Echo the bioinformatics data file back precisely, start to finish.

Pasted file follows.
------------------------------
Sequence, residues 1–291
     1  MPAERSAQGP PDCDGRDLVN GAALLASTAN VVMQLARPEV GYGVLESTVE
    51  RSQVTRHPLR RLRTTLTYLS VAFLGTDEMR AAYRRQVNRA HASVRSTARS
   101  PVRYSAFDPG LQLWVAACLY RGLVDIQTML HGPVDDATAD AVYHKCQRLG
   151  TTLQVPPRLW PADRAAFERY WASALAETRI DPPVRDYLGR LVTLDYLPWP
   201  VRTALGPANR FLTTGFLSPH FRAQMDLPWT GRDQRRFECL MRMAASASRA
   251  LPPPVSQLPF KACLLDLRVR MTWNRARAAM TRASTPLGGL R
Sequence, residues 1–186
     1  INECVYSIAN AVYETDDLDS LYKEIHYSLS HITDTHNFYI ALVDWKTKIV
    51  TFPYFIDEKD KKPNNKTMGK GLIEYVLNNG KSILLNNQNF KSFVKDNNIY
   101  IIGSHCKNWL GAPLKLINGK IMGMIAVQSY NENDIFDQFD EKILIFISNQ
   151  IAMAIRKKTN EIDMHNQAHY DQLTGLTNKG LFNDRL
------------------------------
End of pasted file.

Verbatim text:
Sequence, residues 1–291
     1  MPAERSAQGP PDCDGRDLVN GAALLASTAN VVMQLARPEV GYGVLESTVE
    51  RSQVTRHPLR RLRTTLTYLS VAFLGTDEMR AAYRRQVNRA HASVRSTARS
   101  PVRYSAFDPG LQLWVAACLY RGLVDIQTML HGPVDDATAD AVYHKCQRLG
   151  TTLQVPPRLW PADRAAFERY WASALAETRI DPPVRDYLGR LVTLDYLPWP
   201  VRTALGPANR FLTTGFLSPH FRAQMDLPWT GRDQRRFECL MRMAASASRA
   251  LPPPVSQLPF KACLLDLRVR MTWNRARAAM TRASTPLGGL R
Sequence, residues 1–186
     1  INECVYSIAN AVYETDDLDS LYKEIHYSLS HITDTHNFYI ALVDWKTKIV
    51  TFPYFIDEKD KKPNNKTMGK GLIEYVLNNG KSILLNNQNF KSFVKDNNIY
   101  IIGSHCKNWL GAPLKLINGK IMGMIAVQSY NENDIFDQFD EKILIFISNQ
   151  IAMAIRKKTN EIDMHNQAHY DQLTGLTNKG LFNDRL